Jalisa Whiting-Smalls, a second-year social work student, completed Temple’s interest form on March 22 and scheduled her appointment the next day after receiving an email from Student Health Services. The sign-up and vaccination processes were “smooth and easy,” she said.
Whiting-Smalls is pregnant and is a social worker at Children and Youth Services in Delaware County, Pennsylvania. She was glad to have not had to wait in line for her vaccine, she said.
“Especially if you’re eligible, most of these people are physically ill so I shouldn’t have to be physically ill standing in a line,” Whiting-Smalls added.
Kristen Kuipers, director of marketing for the School of Sport, Tourism and Hospitality Management, is glad she could get the vaccine so that she can safely go out in public when COVID-19 restrictions are lifted, she said.
“That’s important to me, I want my life to come back to normal as much as possible, so if it means I have to show a vaccine card, I’ll do it,” Kuipers said.
Experts expect the United States will reach herd immunity, when enough people are protected against infection that the virus cannot spread further, by vaccinating between 65 and 80 percent of the population, CNN reported on Feb. 26.
Seventy percent of the U.S. population could be vaccinated by mid-June and 90 percent could be vaccinated by the end of July, the New York Times reported.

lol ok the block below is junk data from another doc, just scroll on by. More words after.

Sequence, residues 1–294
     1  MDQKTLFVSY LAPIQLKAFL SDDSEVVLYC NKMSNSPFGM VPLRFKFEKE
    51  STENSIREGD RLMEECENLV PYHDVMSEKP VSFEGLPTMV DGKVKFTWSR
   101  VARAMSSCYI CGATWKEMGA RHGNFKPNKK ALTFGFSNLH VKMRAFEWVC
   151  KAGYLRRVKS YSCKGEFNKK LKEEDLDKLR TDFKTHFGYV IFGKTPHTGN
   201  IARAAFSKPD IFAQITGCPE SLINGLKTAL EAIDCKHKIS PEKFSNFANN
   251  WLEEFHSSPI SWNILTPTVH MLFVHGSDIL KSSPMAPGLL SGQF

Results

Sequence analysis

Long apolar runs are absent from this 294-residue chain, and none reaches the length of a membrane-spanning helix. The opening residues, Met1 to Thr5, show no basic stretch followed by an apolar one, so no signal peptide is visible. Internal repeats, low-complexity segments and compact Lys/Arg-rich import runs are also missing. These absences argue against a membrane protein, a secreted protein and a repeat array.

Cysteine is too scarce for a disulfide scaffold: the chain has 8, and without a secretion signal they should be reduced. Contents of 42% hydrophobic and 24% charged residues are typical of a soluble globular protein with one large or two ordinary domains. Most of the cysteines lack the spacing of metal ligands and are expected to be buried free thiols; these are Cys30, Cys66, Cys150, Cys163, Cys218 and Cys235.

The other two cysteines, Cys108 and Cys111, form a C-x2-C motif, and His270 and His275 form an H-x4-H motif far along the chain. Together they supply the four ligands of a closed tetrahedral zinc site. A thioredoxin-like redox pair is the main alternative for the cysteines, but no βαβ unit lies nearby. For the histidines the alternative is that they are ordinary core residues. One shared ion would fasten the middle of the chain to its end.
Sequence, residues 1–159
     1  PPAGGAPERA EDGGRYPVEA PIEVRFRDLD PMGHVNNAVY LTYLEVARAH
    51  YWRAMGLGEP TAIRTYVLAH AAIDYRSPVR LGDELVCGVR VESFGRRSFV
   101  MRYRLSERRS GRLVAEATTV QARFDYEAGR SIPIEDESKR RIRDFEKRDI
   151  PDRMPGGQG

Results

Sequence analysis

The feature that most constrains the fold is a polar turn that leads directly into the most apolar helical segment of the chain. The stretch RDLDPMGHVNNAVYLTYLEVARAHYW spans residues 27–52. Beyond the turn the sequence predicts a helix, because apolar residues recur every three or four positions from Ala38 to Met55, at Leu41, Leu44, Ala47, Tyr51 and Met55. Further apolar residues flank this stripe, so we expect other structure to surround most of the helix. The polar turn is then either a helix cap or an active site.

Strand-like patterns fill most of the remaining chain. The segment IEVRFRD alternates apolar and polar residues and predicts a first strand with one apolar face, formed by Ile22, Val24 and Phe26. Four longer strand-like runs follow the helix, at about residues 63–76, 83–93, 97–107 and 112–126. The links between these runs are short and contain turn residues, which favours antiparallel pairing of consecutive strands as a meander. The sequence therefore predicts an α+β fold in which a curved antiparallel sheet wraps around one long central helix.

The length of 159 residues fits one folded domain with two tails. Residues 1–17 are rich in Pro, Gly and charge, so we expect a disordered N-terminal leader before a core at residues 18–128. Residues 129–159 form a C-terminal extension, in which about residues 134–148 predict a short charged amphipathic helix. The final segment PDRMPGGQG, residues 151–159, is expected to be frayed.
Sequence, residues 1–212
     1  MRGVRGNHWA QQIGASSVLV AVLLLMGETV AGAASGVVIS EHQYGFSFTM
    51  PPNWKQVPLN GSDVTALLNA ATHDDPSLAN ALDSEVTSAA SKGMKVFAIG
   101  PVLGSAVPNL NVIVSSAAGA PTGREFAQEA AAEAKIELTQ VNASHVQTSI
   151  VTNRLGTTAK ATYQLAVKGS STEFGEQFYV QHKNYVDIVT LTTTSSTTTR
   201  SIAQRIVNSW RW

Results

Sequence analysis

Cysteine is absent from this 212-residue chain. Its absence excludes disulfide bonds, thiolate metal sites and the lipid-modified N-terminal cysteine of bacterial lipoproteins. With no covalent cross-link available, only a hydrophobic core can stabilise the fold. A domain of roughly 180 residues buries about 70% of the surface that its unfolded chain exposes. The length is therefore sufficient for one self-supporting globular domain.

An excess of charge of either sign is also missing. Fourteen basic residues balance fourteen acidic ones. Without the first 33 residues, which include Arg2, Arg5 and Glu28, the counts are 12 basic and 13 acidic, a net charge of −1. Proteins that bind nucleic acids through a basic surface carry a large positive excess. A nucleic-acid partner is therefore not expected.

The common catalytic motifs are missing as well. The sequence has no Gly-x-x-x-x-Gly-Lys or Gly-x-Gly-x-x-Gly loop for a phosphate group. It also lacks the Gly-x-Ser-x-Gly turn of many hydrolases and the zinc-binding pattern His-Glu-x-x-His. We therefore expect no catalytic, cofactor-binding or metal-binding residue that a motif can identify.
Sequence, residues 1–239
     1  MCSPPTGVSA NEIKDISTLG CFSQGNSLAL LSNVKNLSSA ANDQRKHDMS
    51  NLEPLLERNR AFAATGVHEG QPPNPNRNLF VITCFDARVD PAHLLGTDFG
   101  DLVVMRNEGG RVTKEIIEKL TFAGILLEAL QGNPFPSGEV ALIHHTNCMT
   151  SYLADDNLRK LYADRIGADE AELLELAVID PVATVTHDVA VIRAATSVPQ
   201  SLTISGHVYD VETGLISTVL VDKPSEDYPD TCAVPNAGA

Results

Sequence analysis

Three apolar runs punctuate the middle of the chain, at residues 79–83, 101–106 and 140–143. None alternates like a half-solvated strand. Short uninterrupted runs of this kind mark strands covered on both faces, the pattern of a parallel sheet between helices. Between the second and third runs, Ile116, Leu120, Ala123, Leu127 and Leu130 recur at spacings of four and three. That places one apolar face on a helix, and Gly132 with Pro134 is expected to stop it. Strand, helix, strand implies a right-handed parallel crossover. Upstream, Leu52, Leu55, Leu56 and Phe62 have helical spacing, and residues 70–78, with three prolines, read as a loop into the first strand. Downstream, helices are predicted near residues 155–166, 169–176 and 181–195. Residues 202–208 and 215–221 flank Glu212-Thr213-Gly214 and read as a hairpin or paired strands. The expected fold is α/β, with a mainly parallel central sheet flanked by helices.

Temple will begin vaccinating residents from neighboring ZIP codes who are eligible in Phase 1B and completed the city’s interest form tomorrow at White Hall. As of March 31, more than 523,000 Philadelphians received at least one dose of the COVID-19 vaccine and more 266,000 are fully vaccinated, according to the Philadelphia Department of Public Health.
Kuipers is glad that city residents can access the site too and hopes that this will help safely bring students back to campus, she said.
The university announced plans to hold mostly in-person classes in Fall 2021, The Temple News reported.
Temple highly recommends, but will not require, students, faculty and staff receive a COVID-19 vaccine before the start of the Fall 2021 semester, Denys said.
“I wanted to take advantage of it, but I hope that it’s more for the community as well in North Philly because I think that’s important, especially if we want to bring people back in the summer and the fall,” Kuipers said.